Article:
1. Introduction

New York City was the epicenter of the COVID-19 pandemic in the US in early 2020. As the primary provider of health services for the city’s vulnerable patient population, the city’s public health system (NYC Health and Hospitals) bore a disproportionate burden of the pandemic [1]. The healthcare workers of the system responded heroically to the unprecedented challenge to ensure the best care for their patients, in spite of facing potential exposure to the virus through their jobs. While there exists a significant gap in data collection, it has been shown that the majority of cases and deaths related to COVID-19 among healthcare workers (HCW) have been in people of color who work in areas where risk of workplace exposure is high [2].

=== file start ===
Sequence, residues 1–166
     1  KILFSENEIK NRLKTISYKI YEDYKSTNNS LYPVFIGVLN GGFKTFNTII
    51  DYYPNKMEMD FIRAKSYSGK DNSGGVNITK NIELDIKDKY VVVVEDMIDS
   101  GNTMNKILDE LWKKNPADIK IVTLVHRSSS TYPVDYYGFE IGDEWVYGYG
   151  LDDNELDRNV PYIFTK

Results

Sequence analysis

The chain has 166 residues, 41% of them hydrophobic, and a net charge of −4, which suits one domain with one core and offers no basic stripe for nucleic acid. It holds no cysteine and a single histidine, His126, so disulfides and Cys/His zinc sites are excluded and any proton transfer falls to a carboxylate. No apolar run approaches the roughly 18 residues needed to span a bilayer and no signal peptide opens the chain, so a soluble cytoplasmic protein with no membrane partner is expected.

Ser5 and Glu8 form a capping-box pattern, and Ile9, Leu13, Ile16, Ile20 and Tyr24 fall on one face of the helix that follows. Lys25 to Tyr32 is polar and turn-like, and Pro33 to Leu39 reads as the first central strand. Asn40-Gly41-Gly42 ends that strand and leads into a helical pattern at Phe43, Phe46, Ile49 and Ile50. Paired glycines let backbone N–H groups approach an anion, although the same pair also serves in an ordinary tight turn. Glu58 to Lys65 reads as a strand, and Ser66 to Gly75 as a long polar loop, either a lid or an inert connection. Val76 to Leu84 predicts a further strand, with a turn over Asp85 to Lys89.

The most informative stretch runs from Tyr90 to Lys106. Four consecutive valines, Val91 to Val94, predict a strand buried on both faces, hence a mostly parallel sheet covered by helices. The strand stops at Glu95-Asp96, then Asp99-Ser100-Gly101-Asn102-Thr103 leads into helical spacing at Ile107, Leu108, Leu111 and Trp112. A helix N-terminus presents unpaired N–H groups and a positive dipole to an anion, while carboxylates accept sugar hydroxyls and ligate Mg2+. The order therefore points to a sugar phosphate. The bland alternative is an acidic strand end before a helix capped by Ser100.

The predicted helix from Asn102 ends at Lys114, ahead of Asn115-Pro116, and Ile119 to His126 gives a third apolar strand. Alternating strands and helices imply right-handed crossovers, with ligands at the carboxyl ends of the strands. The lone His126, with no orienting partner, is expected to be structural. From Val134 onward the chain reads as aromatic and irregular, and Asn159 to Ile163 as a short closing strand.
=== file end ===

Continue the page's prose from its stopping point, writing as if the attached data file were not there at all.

Vaccines have historically had a significant positive impact on public health, reducing disease transmission and/or decreasing the incidence of serious diseases such as polio, smallpox, diphtheria, hepatitis, and others [1]. In December 2020, the U.S. Food and Drug Administration (FDA) issued Emergency Use Authorizations (EUA) for the first two COVID-19 vaccines [3]. The Pfizer-BioNTech COVID-19 vaccine received an EUA on December 11th and the Moderna vaccine received an EUA on December 18th [3]. The Advisory Committee on Immunization Practices (ACIP) developed a framework (for the CDC) to prioritize vaccination by dividing the population groups into phases. Healthcare personnel and residents of long-term care facilities were included in Phase 1a of the vaccination program [4]. Health + Hospitals implemented an extraordinary vaccination effort based on the guidance from CDC to ensure equitable distribution of the vaccines. In spite of the scientific evidence on the safety and efficacy of the vaccines and the risk of severe illness and death associated with COVID-19 infection, vaccine hesitancy/refusal was observed among the HCWs.